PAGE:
Castro defends Cuba’s human rights record; hits out at US and other countries

Cuban President Raul Castro

 

HAVANA, Cuba, Tuesday March 22, 2016 – Strongly defending his country against accusations of human rights violations, Cuban President Raul Castro yesterday pointed out that not one single country is fully compliant with all 61 international instruments regarding human rights.

And he said one of Cuba’s main accusers, the United States, was falling short of protecting its own citizens.

Castro made his views on the issue clear as he responded to a question at a joint press conference with US President Barack Obama, following talks between the two leaders in Havana yesterday – a day after the American leader arrived in the island for his historic two-day visit.

“There are 61 international instruments recognized.  How many countries in the world comply with all the human rights and civil rights that have been included in these 61 instruments?  What country complies with them all?  Do you know how many? I do. None,” he said.

“Out of these 61 instruments, Cuba has complied with 47 of these human rights instruments. There are countries that may comply with more, there are those that comply with less.”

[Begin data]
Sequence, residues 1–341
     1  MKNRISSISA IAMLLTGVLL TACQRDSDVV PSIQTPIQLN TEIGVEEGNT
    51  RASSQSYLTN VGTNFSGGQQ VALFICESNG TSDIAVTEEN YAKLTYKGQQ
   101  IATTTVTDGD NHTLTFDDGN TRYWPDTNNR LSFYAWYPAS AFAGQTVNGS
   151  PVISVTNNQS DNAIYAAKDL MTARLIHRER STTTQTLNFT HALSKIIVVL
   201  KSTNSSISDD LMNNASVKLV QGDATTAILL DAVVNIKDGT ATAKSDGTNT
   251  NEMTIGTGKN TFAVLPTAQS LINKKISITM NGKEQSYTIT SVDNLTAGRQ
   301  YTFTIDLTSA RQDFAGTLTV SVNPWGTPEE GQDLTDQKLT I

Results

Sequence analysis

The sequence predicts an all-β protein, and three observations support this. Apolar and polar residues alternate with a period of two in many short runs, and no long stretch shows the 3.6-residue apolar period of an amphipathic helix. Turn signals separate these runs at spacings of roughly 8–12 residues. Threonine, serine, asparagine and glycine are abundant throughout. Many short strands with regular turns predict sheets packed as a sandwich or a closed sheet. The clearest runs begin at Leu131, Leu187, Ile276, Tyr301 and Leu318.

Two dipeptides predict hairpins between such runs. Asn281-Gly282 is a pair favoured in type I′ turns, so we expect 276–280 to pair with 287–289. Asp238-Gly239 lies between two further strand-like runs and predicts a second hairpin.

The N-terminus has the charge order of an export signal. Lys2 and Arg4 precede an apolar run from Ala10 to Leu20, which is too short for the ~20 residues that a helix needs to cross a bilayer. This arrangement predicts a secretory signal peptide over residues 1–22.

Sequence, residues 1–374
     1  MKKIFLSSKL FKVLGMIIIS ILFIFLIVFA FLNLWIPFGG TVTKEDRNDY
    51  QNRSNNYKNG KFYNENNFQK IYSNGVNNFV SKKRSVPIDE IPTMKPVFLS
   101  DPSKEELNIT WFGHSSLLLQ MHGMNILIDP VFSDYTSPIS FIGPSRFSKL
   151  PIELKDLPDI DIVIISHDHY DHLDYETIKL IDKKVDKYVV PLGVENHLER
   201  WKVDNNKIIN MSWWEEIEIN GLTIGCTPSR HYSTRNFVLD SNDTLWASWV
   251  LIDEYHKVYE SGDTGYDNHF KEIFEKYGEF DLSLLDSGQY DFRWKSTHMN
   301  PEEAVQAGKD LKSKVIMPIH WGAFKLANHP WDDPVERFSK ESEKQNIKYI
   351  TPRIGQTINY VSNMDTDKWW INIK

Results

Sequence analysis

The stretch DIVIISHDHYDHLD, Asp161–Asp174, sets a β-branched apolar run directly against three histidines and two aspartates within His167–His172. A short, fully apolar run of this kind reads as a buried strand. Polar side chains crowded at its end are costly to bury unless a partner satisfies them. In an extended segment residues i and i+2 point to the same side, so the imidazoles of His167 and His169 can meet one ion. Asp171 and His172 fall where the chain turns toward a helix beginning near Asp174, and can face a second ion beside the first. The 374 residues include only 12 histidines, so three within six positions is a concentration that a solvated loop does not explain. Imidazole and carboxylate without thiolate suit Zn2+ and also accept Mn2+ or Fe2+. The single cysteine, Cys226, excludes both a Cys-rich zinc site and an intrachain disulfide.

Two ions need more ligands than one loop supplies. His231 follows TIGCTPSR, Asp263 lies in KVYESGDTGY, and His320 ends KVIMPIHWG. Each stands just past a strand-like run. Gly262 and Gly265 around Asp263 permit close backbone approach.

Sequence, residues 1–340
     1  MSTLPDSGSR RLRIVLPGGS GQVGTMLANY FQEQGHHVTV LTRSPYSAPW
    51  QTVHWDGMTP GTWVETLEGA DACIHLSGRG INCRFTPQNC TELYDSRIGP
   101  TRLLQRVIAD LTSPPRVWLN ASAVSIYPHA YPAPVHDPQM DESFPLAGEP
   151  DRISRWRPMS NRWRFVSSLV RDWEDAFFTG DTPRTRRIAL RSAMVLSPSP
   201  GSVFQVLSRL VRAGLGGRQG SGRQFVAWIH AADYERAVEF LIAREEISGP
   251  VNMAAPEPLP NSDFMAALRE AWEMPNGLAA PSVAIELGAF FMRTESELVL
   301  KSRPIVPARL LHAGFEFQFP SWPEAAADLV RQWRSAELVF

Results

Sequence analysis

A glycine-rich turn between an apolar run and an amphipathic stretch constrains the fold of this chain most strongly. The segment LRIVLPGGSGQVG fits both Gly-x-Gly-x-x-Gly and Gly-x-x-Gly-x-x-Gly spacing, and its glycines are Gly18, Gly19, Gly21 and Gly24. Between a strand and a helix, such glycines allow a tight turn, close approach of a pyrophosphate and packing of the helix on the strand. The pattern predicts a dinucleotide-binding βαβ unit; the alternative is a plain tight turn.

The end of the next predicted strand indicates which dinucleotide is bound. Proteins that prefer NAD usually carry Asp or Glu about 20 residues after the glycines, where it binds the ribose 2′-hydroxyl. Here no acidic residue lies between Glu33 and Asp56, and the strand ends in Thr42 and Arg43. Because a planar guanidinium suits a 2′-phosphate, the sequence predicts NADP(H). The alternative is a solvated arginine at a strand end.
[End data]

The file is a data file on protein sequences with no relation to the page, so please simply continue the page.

And he said while the US was pointing fingers at Cuba, there were shortcomings in that country when it came to tackling poverty, inequality and race relations.

Castro highlighted protection provided for Cubans that demonstrated the government’s interest in protecting its citizens.

“Do you think there’s any more sacred right than the right to health, so that billions of children don’t die just for the lack of a vaccine or a drug or a medication? Do you agree with the right to free education for all those born anywhere in the world or in any country? I think many countries don’t think this is a human right,” he said.

“In Cuba, all children are born in a hospital and they are registered that same day, because when mothers are in advance pregnancy they go to hospitals days before, many days before delivery, so that all children are born in hospitals. It doesn’t matter if they live in faraway places or in mountains or hills. We have many other rights – a right to health, the right to education,” he continued, adding that women and men in Cuba also receive the same pay that men get for the same work, unlike in some other countries.

Castro therefore insisted that the human rights issue should not be politicized.

“I don’t think we can use the argument of human rights for political confrontation. That is not fair; it’s not correct,” he contended.

 

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